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NASA outlines how to watch, and what to watch for as the Great American Eclipse nears

CENTRAL OREGONIAN - The total solar eclipse happens Aug. 21.

It is never safe to look directly at the sun's rays — even if the sun is partly obscured.

When watching a partial eclipse, you must wear eclipse glasses at all times if you want to face the sun, or use an alternate indirect method. This also applies during a total eclipse up until the time when the sun is completely and totally blocked.

During the short time when the moon completely obscures the sun — known as the period of totality — it is safe to look directly at the sun, but it's crucial that you know when to take off and put back on your glasses.

First and foremost: Check for local information on timing of when the total eclipse will begin and end. NASA's page of eclipse times is a good place to start.

Second: The sun also provides important clues for when totality is about to start and end.

1. As the moon moves in front of the sun, there comes a time when several bright points of light shine around the moon's edges. Known as Baily's Beads, these are light rays from the sun streaming through the valleys along the moon's horizon.

2. As the moon continues to move, the extent of these beads diminishes, until there is only one — a bright spot that, in combination with the atmosphere of the sun still visible around the moon, looks like a giant diamond ring.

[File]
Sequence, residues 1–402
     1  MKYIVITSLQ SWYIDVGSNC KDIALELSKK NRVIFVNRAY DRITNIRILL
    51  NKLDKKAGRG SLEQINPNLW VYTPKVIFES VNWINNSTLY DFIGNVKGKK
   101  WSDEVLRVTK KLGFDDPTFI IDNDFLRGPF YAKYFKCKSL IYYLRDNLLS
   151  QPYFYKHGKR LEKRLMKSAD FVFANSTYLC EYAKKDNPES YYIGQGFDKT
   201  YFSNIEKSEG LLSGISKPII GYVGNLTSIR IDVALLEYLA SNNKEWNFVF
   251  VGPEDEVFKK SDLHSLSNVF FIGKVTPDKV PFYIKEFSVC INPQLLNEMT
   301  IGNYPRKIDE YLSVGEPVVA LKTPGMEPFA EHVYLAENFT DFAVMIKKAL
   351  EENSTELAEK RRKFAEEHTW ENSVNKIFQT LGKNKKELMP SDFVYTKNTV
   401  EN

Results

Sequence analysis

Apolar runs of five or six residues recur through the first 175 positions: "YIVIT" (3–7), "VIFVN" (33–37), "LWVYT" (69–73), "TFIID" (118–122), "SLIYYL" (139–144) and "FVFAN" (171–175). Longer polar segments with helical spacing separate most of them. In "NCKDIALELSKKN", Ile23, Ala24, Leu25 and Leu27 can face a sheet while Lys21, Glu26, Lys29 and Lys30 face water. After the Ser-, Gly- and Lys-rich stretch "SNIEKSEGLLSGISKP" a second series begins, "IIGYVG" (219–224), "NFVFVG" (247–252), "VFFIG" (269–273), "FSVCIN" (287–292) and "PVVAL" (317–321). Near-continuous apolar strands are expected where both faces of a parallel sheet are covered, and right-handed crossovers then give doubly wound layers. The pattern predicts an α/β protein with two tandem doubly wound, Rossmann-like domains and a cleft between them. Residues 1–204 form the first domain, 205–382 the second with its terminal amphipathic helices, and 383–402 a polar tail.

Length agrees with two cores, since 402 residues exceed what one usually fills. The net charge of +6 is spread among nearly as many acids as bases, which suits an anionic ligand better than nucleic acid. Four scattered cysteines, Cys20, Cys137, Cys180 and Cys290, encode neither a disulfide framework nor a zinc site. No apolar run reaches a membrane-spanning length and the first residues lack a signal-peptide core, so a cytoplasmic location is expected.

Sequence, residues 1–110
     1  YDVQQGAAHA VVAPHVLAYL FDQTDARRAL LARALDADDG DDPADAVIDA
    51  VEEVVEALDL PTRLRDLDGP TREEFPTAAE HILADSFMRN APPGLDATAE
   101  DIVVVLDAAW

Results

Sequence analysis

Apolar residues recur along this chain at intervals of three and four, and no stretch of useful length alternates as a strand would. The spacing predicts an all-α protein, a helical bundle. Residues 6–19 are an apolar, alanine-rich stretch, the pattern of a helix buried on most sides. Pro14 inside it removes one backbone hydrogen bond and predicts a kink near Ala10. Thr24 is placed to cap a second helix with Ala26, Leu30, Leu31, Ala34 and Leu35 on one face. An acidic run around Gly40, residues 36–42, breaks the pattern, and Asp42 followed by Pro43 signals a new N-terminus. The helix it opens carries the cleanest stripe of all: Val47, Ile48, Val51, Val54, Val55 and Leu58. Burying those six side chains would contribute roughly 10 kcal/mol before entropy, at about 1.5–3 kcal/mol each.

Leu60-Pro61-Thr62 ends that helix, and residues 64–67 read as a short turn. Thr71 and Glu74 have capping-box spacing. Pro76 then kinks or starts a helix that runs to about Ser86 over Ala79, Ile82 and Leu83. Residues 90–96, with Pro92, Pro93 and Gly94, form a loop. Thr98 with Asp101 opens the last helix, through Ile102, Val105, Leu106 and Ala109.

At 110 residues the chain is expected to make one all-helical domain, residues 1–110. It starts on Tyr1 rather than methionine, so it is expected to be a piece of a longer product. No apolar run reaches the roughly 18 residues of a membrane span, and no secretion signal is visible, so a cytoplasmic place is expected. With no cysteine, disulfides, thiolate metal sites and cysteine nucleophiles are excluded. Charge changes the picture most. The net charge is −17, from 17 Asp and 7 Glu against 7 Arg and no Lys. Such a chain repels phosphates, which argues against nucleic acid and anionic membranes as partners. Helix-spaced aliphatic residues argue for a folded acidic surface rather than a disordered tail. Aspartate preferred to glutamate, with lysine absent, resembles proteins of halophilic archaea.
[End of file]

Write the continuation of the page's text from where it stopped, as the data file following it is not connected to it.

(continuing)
It is still not safe to look at the sun at this point! Only when that bright spot completely disappears can you safely look at the sun.

3. Once the bright "diamond" disappears and there is no longer any direct sunlight coming toward you, you may look at the total eclipse safely.

But you must still be vigilant to make sure you protect your eyes again before the end of totality. The entire total eclipse may take only a minute or two in some locations.

4. As the moon continues to move across the face of the sun, a crescent will begin to grow larger on the opposite side from where the Baily's Beads shone at the beginning. This crescent is the lower atmosphere of the sun, beginning to peek out from behind the moon and it is your signal to stop looking directly at the eclipse.

Make sure you have safety glasses back on — or are otherwise watching the eclipse through a safe, indirect method — before the first flash of sunlight appears around the edges of the moon.

5. Once your eyes are protected again, you may continue to watch the final stages of the eclipse as the end process mirrors the beginning: You will once again see a diamond ring and then the Baily's Beads, before the entire sun is once again visible.

Eclipse viewing information supplied by NASA.

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